Unsuspecting consumers are giving criminals access to their bank accounts
A new scam has gained momentum with the start of 2022, stealing thousands of dollars from
unsuspecting bank customers.
Scammers are using Zelle, the peer-to-peer payment system offered to consumers through
their financial institution. Zelle works like Venmo and other payment systems, allowing users
to send money from their bank accounts to friends and family.
Unfortunately, security experts say criminals are using Zelle to drain victims’ bank accounts.
Like many scams, this one is based on the claim that the scammer is trying to protect the
victim from fraud.
The target receives a text that appears to be from their bank asking if they attempted a Zelle
transaction. Regardless of how they answer, the target next receives a phone call from the
scammer, who spoofs the number so it shows up as coming from the target’s bank.
The victim will then receive a set of instructions that ultimately winds up compromising their
bank account information. The scammers use the information to withdraw funds and make off
with their ill-gotten gains.
The difference between fraud and scams
One victim of the scam told KGO-TV in San Francisco that she followed a scammer’s
instructions to transfer the money in her Zelle account to her bank account. However, she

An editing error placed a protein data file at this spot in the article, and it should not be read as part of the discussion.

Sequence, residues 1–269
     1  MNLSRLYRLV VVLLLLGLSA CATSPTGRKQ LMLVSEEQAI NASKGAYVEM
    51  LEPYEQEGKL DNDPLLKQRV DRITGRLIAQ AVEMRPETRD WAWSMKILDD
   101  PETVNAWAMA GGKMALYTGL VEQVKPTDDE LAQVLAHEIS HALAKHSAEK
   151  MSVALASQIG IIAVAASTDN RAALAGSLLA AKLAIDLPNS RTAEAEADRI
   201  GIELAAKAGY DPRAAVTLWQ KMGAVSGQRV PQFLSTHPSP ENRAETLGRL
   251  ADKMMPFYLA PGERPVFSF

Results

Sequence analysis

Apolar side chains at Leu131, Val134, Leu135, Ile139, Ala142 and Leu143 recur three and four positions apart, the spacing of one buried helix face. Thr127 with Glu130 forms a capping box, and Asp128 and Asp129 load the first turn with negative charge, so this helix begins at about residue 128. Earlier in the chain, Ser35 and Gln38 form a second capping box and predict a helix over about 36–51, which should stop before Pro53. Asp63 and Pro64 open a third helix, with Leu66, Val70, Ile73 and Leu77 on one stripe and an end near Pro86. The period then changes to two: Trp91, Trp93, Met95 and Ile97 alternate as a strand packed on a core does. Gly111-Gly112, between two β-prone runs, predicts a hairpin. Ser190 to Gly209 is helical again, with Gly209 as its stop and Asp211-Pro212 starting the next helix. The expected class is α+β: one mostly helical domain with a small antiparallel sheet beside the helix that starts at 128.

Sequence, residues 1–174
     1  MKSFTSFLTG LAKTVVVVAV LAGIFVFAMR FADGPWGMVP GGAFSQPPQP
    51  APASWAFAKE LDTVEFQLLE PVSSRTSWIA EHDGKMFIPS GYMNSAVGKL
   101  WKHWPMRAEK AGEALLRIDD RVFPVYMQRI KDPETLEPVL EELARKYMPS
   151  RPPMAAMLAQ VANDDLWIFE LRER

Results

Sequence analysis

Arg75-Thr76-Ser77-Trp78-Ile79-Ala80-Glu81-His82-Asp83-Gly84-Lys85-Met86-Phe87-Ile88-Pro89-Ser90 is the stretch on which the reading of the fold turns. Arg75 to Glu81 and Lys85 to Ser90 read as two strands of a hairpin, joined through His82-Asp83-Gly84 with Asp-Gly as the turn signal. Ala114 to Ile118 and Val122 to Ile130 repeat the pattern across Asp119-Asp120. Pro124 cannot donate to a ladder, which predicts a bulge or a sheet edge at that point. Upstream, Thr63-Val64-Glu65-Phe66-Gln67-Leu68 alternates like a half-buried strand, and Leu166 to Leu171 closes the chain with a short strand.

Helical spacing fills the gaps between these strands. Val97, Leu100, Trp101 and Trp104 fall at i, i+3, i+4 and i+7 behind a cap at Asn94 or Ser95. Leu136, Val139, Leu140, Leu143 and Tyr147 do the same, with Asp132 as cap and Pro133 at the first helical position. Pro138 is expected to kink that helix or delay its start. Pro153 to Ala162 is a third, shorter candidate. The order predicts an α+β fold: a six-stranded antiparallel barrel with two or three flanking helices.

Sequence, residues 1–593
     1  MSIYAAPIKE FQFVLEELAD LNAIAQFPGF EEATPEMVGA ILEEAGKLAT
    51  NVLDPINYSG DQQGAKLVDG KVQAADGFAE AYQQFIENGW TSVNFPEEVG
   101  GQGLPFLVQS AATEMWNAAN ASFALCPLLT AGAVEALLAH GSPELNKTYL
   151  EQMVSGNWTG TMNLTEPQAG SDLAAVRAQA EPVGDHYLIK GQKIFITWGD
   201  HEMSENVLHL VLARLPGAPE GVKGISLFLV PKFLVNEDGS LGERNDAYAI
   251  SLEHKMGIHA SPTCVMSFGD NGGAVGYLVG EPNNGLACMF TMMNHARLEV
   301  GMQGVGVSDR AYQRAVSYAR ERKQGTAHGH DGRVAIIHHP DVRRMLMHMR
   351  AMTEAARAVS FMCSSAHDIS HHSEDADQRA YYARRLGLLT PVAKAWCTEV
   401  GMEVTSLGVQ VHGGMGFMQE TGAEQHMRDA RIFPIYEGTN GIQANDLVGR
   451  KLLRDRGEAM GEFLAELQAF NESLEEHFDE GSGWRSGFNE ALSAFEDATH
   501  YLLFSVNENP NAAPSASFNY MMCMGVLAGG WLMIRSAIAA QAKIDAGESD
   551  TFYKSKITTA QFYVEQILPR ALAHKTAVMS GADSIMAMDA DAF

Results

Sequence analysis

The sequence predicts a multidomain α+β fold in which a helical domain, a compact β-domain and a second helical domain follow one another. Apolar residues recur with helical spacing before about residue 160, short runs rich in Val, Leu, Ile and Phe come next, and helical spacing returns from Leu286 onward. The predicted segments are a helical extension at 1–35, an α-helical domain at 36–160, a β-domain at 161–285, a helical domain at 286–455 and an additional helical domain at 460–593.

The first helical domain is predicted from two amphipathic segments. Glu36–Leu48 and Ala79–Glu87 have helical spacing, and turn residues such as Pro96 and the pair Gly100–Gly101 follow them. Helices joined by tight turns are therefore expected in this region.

was first asked to change some of her account information.
While it appeared the money was transferred into her account, the scammers were waiting to
drain her account. She said she only had $6 left in her account by the end of the ordeal.
Zelle draws sharp distinctions between fraudulent activity and scams. If the victim did not
authorize a transaction, then the theft is fraud and the victim can usually be reimbursed. It’s a
different story if the victim acts on instructions from a scammer.
“Even if you were tricked or persuaded into authorizing a payment for a good or service
someone said they were going to provide, but they didn’t fulfill it, this would be considered a
scam,” Zelle says on its website. “Because you authorized the payment, you may not be able
to get your money back.”
That makes these types of financial scams extremely dangerous. Zelle users should be
aware that they could become targets as the scam continues to spread. Those who respond
to a fraud text and then get a phone call, allegedly from their bank, should hang up
immediately. They should then call their bank’s customer service line directly and ask if the
fraud alert is real.
Tips and Advice To Help Keep You And Your Information Safe
KEEP A CLEAN MACHINE
- Keep Security Software Current: Having the latest security software, web browser, and operating system are the best defense against viruses, malware and other online threats.
- Automate Software Updates: Many software programs will automatically connect and update to defend against known risks. Turn on automatic updates if that’s an available option.
- Protect All Devices that Connect to the Internet: Along with computers, smartphones, gaming systems, and other web-enabled devices also need protection from viruses and malware.